In Satan’s Shadow
By John Anthony Miller
Amanda Hamilton is a Scottish violinist married to a Nazi Party official. Michael York is the British spy who risks his life to save hers.
In Satan’s Shadow – a journey to the darkest depths of the soul.
November 26, 1946
London was alive with optimism after the war ended: ruins in renovation, the hurt healing, the separated reunited, and the dead honored and mourned. The future offered so much more promise than the past, when two global conflicts in a generation left tens of millions dead, and many living who wished they were not. But hundreds, if not thousands, of Nazi leaders responsible for the recent cataclysm had vanished, eluding the net cast by the Americans, Russians, British, and French. It was feared they assembled in an unknown country and continent, birthing the Fourth Reich on the ashes of the Third.
Michael York stood in the Victorian Treasures book store, gazing at a display of recent releases. His face was solemn, his eyes showing a muted pain, as he opened the week’s bestseller. It was a book of photographs, Berlin in the last decade, as night fell and darkness draped the world.
From the store front window, he could see the Tower Bridge, the Thames winding underneath it. A double-decker bus stopped, blocking his view, and two Canadian soldiers got off, followed by some schoolchildren. The bus drove away, showing an American soldier in a red telephone booth, probably calling his British girlfriend. London was inundated with military personnel savoring a last look at the greatest city in the world before they returned home. Most were American, buoyant and brash but friendly, while others represented the British Empire: Canadians, South Africans, Australians, and some from the Caribbean. They wandered the streets, the world theirs for the taking, savoring every pleasure the global metropolis had to offer.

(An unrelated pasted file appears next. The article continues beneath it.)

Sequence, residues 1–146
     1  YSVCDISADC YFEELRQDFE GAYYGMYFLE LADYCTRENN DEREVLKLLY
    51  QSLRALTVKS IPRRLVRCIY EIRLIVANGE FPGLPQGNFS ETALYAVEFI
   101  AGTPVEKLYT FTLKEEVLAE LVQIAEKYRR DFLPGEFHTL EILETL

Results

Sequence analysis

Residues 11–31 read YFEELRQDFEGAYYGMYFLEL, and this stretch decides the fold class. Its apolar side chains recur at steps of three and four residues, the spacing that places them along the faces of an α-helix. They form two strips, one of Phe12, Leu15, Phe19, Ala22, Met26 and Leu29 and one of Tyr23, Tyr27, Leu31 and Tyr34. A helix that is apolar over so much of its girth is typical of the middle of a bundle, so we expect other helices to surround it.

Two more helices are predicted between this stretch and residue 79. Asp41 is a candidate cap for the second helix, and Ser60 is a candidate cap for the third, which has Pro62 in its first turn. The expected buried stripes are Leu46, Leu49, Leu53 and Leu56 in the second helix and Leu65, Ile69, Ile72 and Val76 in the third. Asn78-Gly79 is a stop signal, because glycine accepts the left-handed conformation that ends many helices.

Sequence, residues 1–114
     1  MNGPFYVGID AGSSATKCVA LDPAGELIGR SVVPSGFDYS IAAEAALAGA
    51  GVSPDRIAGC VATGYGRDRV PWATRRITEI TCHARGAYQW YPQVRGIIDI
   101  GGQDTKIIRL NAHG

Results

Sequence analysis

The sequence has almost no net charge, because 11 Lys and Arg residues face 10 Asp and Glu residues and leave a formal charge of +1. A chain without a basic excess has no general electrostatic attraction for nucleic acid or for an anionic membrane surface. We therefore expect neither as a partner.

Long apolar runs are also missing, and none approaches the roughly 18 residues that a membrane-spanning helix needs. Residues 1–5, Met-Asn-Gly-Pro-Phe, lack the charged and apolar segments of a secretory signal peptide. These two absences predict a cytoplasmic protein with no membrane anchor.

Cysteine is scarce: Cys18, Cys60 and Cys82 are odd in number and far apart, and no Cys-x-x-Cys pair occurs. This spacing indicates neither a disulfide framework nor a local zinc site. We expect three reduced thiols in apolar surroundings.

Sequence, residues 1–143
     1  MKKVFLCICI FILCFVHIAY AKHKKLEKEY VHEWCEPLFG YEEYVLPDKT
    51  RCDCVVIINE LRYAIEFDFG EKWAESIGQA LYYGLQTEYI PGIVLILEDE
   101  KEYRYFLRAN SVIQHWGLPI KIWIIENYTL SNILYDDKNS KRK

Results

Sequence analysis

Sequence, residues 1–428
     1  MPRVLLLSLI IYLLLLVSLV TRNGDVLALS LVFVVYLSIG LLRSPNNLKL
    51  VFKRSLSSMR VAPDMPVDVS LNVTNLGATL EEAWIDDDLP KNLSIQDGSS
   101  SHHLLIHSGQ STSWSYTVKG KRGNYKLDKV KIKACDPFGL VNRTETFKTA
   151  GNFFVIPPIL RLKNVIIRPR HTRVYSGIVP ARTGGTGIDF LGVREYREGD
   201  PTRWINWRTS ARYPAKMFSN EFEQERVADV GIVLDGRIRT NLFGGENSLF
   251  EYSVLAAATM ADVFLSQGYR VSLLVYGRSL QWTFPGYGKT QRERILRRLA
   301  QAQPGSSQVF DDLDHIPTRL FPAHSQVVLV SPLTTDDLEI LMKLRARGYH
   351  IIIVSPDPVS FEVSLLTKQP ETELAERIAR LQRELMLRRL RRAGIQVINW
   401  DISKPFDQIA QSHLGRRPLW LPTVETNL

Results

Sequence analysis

York’s eyes returned to the book. He opened the dust jacket and looked at the author’s picture. It was a good photograph, capturing a twinkle that lived in her eye, a smile that came so easily to her face, wavy black hair that cascaded upon her shoulders. Amanda Hamilton, born to Scottish royalty, had married a German, a leader in the Nazi party. Leaving her homeland behind, she spent ten years in Berlin, absorbing a new culture, starting a new life. Her photographs documented a world collapsing around her, civilization at its ebb, humanity at its worst. Now they were shared with mankind.
Michael York turned the pages, the pictures bringing the past to life, memories returning. Germany’s evil geniuses were caught in poses the world had never before seen. Berlin’s finest buildings: Kaiser Wilhelm Church, the Reichstag, the Berlin Cathedral, and the Brandenburg Gate were shown in their original splendor, before Allied bombs destroyed them. And birds, not knowing they trespassed on a calamity, posed innocently but proudly.
He knew she never dreamed fate would place her on the enemy’s doorstep, friend to some of the most hated men on earth during the most tumultuous days in human history. A favorite of Hitler, admired by Goebbels and Göring, her photographs documented life in the upper echelons of the Nazi party, a world that none on earth ever dreamed existed. It was there that Amanda Hamilton, never the author of an evil thought, walked in Satan’s shadow.
Pick up your copy of
In Satan’s Shadow
John Anthony Miller
John Anthony Miller was born in Philadelphia, Pennsylvania to a father of English ancestry and a second-generation Italian mother. Motivated by a life-long love of travel and history, he normally sets his novels in exotic locations during eras of global conflict. Characters must cope and combat, overcoming their own weaknesses as well as the external influences spawned by tumultuous times. He’s the author of the historical thrillers, To Parts Unknown, In Satan’s Shadow, When Darkness Comes, and All the King's Soldiers, as well as the historical mystery, Honour the Dead. He lives in southern New Jersey with his family.